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Minamata mercury tragedy gets Hollywood treatment

New film gives flawed view of the American photojournalist who exposed poisoning scandal

In "Minamata," Johnny Depp, right, stars as American photojournalist W. Eugene Smith, who documented the deadly effects of industrial mercury pollution in Minamata, Japan. (Vertigo Releasing/screen grab from YouTube) 

TOKYO -- Hollywood has a Japan problem. Even when a film is nominally "about" Japan, such as "The Last Samurai" (2003), the drama is in the character development of the main -- inevitably Western -- protagonist. Thanks to his Japan experiences, the drunken American mercenary, played by Tom Cruise, recovers his self-respect -- and gives Emperor Meiji some sound advice on how he should rule the country.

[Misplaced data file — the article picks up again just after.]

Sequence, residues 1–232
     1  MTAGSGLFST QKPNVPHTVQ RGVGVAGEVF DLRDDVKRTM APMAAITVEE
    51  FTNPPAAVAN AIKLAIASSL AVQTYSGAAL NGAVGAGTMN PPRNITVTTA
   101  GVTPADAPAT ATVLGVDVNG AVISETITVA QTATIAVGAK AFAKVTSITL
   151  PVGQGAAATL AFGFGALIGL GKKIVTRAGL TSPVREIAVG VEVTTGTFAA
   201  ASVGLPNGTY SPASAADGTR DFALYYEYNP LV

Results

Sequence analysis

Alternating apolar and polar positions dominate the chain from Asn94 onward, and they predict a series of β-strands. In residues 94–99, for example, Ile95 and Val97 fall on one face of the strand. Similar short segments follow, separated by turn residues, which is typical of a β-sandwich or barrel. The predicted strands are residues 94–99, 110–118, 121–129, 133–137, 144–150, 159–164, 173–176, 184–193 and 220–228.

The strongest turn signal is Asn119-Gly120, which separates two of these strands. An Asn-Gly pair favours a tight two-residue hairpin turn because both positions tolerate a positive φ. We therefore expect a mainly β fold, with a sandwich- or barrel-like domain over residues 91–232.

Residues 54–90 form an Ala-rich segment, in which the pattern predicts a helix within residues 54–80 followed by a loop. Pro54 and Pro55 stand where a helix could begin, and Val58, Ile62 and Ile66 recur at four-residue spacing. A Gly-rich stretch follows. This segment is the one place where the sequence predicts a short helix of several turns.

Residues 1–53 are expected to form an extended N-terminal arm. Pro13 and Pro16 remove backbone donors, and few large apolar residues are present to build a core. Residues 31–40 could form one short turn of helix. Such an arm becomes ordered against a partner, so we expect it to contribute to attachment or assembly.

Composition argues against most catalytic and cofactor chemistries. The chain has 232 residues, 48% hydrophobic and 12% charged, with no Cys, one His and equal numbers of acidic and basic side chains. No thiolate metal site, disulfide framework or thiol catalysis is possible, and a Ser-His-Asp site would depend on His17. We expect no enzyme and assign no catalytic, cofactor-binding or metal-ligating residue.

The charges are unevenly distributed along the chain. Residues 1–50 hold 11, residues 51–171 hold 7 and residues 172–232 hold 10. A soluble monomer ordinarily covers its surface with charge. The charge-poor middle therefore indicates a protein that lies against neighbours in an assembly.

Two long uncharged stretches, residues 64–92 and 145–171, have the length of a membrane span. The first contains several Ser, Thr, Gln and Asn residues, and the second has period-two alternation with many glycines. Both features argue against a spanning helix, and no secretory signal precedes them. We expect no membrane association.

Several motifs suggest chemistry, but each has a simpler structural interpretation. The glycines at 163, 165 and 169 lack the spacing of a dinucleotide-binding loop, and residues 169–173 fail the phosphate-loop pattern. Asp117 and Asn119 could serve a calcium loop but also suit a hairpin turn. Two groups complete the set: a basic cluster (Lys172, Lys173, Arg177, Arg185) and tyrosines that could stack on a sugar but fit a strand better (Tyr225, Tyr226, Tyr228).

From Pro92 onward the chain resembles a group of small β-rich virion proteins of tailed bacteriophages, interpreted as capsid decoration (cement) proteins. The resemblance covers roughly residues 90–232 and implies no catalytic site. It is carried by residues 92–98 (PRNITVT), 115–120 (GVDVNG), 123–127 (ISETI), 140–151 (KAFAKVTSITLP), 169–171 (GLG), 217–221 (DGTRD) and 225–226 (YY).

"Minamata," which was commercially released in August, is a much better and more serious film, and Johnny Depp is a far superior actor to Tom Cruise. Furthermore, W. Eugene Smith, the character that Depp plays with such remarkable skill, was a real person. He lived in the pollution-stricken town of Minamata for three years, got badly beaten by company toughs and produced one of the most famous images in the history of photojournalism, capturing a severely disabled victim of mercury poisoning being lovingly bathed by her mother in the family home.

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